In a 2013 interview with Fresh Dialogues, business magnate and SpaceX CEO Elon Musk reflected on the pivotal moment he picked up Douglas Adam’s famed Hitchhiker’s Guide to the Galaxy as a teen:

“I guess when I was around 12 or 15…I had an existential crisis, and I was reading various books on trying to figure out the meaning of life and what does it all mean? It all seemed quite meaningless and then we happened to have some books by Nietzsche and Schopenhauer in the house, which you should not read at age 14 (laughter). It is bad, it’s really negative.

So then I read Hitchhikers Guide to the Galaxy which is quite positive I think and it highlighted an important point which is that a lot of times the question is harder than the answer. And if you can properly phrase the question, then the answer is the easy part. So, to the degree that we can better understand the universe, then we can better know what questions to ask. Then whatever the question is that most approximates: what’s the meaning of life? That’s the question we can ultimately get closer to understanding. And so I thought to the degree that we can expand the scope and scale of consciousness and knowledge, then that would be a good thing.”

Growing up with little parental oversight, Musk has mused, “I was raised by books…I was off making explosives and reading books and building rockets and doing things that could have gotten me killed.” He was particularly fond of sci-fi series with classic hero arcs: “The heroes of the books I read, The Lord of the Rings and the Foundation series, always felt a duty to save the world.”

From his childhood in South Africa through the building of his business empire today, read on for a list of the rocket science texts, innovator biographies, and dystopian tales on the dangers of AI that have influenced and inspired Elon Musk, collected from interviews and his personal Twitter.

The Hitchhiker’s Guide to the Galaxy by Douglas Adams

Foundation by Isaac Asimov

“It’s sort of a futuristic version of Gibbon’s Decline and Fall of the Roman Empire. Let’s say you were at the peak of the Roman empire, what would you do, what action could you take, to minimise decline?” -EM

The Culture Series by Iain M. Banks

“Reading The Culture series by Banks. Compelling picture of a grand, semi-utopian galactic future. Hopefully not too optimistic about AI.” -EM

Howard Hughes: His Life and Madness by Donald L. Barlett & James B. Steele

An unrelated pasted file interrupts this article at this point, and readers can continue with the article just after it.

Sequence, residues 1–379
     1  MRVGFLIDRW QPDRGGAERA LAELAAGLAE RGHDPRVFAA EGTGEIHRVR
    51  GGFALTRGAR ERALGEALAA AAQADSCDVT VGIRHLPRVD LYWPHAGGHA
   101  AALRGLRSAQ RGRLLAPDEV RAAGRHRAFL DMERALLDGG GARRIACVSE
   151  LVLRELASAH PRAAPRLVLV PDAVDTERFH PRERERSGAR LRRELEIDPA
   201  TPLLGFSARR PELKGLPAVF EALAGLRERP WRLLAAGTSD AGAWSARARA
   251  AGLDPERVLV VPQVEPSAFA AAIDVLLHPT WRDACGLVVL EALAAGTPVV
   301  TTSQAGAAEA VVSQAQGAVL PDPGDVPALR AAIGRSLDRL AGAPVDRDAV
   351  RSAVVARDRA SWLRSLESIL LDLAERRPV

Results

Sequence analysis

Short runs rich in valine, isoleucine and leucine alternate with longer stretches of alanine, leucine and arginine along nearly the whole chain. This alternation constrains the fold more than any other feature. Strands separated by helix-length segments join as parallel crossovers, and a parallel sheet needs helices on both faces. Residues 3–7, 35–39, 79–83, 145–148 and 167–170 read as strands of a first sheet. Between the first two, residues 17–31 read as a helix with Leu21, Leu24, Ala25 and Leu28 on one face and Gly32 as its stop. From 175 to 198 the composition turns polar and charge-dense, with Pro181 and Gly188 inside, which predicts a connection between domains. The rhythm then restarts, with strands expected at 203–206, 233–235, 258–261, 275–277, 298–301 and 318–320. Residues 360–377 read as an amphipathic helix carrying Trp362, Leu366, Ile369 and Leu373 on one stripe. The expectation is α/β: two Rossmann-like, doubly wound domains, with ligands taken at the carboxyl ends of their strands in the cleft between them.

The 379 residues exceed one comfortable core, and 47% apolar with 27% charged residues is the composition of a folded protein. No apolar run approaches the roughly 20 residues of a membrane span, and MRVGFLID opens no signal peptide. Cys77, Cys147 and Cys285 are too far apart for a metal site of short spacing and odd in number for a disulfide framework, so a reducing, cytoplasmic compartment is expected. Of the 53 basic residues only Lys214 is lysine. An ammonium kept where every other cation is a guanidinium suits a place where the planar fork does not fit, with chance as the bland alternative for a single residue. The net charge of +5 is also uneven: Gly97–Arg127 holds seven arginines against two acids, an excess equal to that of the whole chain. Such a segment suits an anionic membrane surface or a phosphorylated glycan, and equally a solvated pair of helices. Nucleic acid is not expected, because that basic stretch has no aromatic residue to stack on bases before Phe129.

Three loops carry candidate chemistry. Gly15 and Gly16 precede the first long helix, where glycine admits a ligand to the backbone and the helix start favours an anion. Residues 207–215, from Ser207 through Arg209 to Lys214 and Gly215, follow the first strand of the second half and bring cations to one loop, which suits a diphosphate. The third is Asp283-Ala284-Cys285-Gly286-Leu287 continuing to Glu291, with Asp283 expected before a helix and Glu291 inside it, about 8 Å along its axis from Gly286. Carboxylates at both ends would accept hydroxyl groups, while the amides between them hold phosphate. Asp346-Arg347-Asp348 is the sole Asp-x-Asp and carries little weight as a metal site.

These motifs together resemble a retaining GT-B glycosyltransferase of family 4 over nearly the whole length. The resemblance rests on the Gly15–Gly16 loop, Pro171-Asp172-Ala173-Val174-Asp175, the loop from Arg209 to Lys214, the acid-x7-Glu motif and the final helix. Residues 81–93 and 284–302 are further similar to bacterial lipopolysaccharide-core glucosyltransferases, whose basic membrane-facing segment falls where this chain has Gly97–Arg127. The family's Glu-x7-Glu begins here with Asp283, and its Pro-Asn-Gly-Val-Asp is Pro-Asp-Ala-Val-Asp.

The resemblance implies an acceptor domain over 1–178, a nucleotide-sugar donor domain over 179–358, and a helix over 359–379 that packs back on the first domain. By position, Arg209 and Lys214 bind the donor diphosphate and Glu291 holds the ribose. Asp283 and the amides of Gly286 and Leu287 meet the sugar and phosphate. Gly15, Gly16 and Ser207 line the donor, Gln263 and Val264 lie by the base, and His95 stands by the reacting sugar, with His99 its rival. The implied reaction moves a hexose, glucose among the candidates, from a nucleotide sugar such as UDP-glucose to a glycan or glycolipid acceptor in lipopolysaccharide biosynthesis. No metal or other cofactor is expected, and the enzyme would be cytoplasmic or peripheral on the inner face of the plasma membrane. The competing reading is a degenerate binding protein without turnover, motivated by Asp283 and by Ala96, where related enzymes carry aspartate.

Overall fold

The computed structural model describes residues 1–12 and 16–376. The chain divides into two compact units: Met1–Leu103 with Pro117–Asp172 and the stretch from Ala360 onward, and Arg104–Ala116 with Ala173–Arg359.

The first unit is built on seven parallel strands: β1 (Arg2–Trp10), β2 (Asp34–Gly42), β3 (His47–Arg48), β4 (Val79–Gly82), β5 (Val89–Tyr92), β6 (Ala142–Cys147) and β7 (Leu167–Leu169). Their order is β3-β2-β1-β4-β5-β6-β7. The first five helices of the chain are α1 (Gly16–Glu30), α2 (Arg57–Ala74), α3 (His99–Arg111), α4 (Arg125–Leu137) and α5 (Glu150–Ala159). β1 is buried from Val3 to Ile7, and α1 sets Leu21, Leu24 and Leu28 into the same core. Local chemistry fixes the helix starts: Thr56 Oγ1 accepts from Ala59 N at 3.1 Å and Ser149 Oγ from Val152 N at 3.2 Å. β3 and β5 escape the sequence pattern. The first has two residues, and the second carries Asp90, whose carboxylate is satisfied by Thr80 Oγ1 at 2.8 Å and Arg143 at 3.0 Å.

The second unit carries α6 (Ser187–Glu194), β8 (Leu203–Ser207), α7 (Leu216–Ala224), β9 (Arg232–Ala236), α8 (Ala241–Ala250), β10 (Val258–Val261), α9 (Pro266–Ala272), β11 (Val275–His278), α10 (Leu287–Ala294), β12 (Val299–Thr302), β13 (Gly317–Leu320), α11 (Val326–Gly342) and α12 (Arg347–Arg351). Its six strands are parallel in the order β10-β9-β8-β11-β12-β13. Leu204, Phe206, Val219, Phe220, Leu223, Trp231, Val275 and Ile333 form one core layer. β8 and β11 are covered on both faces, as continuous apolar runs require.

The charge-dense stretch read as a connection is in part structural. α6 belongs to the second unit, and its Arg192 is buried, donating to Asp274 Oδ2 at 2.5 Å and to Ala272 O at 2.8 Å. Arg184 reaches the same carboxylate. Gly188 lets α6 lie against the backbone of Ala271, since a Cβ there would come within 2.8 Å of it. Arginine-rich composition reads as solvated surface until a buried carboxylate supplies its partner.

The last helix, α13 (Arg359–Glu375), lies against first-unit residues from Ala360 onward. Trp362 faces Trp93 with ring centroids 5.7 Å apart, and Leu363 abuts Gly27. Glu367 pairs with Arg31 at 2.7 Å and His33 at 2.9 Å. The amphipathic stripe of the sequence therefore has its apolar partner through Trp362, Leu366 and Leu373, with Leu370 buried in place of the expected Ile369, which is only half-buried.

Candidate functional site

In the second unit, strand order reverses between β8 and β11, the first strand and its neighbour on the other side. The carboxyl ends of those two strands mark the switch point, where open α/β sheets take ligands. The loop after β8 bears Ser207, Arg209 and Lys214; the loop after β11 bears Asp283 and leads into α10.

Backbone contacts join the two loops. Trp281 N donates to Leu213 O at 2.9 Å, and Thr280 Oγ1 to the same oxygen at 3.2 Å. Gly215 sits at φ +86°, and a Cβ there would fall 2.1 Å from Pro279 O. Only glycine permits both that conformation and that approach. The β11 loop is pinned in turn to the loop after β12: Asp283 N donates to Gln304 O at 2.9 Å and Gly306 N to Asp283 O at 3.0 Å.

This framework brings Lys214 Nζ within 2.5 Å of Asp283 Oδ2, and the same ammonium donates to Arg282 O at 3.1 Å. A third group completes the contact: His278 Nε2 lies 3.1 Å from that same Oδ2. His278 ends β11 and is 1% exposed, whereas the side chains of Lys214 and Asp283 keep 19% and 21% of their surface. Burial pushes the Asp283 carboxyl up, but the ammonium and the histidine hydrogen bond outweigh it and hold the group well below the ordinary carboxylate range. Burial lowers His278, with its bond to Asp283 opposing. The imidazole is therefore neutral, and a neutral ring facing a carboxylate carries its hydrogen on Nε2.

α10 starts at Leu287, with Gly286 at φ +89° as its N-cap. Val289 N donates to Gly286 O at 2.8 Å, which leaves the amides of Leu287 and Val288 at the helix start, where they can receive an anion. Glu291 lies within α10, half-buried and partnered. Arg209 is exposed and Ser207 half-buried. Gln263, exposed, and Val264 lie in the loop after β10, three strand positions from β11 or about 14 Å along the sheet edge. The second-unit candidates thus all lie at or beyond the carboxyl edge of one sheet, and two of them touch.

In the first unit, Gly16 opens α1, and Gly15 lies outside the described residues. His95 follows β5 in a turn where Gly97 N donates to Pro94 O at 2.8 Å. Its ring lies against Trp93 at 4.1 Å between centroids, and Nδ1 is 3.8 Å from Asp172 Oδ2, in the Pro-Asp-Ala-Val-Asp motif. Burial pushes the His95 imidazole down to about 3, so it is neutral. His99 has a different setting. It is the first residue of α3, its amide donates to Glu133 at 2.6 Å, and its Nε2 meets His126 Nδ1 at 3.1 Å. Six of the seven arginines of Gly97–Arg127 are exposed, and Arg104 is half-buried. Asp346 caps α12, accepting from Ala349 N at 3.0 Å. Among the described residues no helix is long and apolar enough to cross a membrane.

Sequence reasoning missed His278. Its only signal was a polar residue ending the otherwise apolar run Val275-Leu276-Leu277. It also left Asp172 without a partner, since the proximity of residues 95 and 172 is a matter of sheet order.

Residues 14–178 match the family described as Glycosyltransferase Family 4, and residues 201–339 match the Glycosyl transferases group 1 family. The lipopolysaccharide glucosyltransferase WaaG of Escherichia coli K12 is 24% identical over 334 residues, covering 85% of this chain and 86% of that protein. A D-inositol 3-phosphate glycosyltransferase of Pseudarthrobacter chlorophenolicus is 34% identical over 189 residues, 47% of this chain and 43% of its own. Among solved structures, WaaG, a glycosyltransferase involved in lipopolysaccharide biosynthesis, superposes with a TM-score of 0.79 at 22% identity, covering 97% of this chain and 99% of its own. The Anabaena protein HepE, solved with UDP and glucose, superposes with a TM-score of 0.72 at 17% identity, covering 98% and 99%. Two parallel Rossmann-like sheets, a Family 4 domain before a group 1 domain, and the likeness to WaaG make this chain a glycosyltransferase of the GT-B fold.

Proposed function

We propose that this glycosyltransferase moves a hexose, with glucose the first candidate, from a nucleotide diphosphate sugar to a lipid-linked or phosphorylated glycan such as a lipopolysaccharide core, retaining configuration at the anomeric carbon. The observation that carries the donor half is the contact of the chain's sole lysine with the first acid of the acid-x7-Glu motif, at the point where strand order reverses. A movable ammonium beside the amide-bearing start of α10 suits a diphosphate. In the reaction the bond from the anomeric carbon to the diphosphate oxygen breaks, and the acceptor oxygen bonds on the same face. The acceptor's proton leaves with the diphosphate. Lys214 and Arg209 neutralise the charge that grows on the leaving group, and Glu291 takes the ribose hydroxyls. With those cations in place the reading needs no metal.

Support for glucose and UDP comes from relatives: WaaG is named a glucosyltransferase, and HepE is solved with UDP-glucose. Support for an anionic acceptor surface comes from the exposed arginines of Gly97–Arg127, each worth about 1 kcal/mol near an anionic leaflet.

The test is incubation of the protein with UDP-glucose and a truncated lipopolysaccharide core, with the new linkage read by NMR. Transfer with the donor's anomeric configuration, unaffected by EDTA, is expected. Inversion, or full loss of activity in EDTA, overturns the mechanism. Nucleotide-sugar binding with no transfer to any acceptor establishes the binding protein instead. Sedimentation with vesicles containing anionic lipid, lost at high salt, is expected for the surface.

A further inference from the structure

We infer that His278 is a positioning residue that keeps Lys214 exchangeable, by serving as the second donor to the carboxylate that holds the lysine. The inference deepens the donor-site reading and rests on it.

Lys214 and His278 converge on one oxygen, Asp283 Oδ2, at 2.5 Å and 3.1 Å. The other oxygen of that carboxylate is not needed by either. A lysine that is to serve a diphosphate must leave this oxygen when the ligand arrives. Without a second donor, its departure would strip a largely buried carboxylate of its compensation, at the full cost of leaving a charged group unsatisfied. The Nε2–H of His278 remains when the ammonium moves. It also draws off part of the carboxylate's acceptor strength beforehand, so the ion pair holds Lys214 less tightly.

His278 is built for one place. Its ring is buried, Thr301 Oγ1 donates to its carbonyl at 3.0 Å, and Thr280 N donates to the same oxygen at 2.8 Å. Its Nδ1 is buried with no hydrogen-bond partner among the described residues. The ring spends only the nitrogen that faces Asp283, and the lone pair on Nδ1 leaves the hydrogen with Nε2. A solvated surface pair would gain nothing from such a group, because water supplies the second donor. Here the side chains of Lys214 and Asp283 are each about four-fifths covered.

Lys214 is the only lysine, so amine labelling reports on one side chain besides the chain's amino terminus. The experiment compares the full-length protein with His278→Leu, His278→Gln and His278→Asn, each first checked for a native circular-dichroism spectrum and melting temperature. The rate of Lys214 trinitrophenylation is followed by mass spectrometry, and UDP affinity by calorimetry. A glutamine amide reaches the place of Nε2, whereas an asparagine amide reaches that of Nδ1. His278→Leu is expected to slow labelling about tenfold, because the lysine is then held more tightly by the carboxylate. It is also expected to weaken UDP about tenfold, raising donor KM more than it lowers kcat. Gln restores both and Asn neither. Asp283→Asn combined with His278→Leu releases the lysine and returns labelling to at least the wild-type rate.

“May be a cautionary tale, he is sort of an interesting fella.” -EM

Our Final Invention by James Barrat

“While on the subject of AI risk, Our Final Invention by James Barrat is also worth reading.” -EM

Fundamentals of Astrodynamics by Roger R. Bate, Donald D. Mueller & Jerry E. White

Twelve Against the Gods: The Story of Adventure by William Bolitho

Superintelligence by Nick Bostrom

“Worth reading Superintelligence by Bostrom. We need to be super careful with AI. Potentially more dangerous than nukes.” -EM

Tesla: Inventor of the Electrical Age by W. Bernard Carlson

Ignition!: An Informal History of Liquid Rocket Propellants by John D. Clark

“There is a good book on rocket stuff called Ignition! by John Clark, that’s a really fun one.” -EM

I Have No Mouth and I Must Scream by Harlan Ellison

My Life & Work by Henry Ford

The Machine Stops by E.M. Forster

“Worth reading The Machine Stops, an old story by E.M. Forster.” -EM

The Autobiography of Benjamin Franklin by Benjamin Franklin

Lord of the Flies by William Golding (also rec’d by Stephen King)

Deep Learning by Ian Goodfellow, Yoshua Bengio, and Aaron Courville

Structures: Or Why Things Don’t Fall Down by J.E. Gordon

“There’s a good book on structural design called Structures: Or Why Things Don’t Fall Down. It is really, really good if you want a primer on structural design.” -EM

Lying by Sam Harris

“Read Lying, the new book by my friend Sam Harris. Excellent cover art and lots of good reasons not to lie!” -EM

The Moon Is a Harsh Mistress by Robert A. Heinlein

Stranger in a Strange Land by Robert A. Heinlein

Benjamin Franklin: An American Life by Walter Isaacson

“I like Franklin’s biography by Isaacson, it’s really good. He was an entrepreneur, he started of nothing, just like a runaway kid. It was interesting to see how he is creating his business, then go to science and politics. I could say he is one of the people I most admire. Franklin is pretty awesome. He did what needed to be done at the time it needed to be done.” -EM

Einstein: His Life and Universe by Walter Isaacson

International Reference Guide to Space Launch Systems by S. Isakowitz, J. Hopkins & J. Hopkins Jr

The Last Lion: Winston Spencer Churchill: Alone, 1932–1940 by William Manchester

Catherine the Great: Portrait of a Woman by Robert K. Massie

Elements of Propulsion: Gas Turbines and Rockets by J. Mattingly & H. von Ohain

Aerothermodynamics of Gas Turbine and Rocket Propulsion by Gordon C. Oates, J.S. Przemieniecki

Merchants of Doubt by Naomi Orestes & Erik M. Conway

“Worth reading Merchants of Doubt. Same who tried to deny smoking deaths r denying climate change.” -EM

Acts of Love by Talulah Riley

The Lost Planet by Rachel Searles

“My kids love The Lost Planet by Rachel Searles. Now on a rare second read!” -EM

Kill Decision by Daniel Suarez

Rocket Propulsion Elements by George P. Sutton & Oscar Biblarz

“Worth reading Life 3.0 by Tegmark. AI will be the best or worst thing ever for humanity, so let’s get it right.” -EM

Zero to One: Notes on Startups, or How to Build the Future by Peter Thiel

“Peter Thiel has built multiple breakthrough companies, and Zero to One shows how.” -EM

The Lord of the Rings by J.R.R. Tolkien (also rec’d by Jane GoodallTrevor Noah)

If the Universe Is Teeming with Aliens … WHERE IS EVERYBODY? by Stephen Webb

(via Business InsiderGalleyCat, MediumQuoraTwitter)

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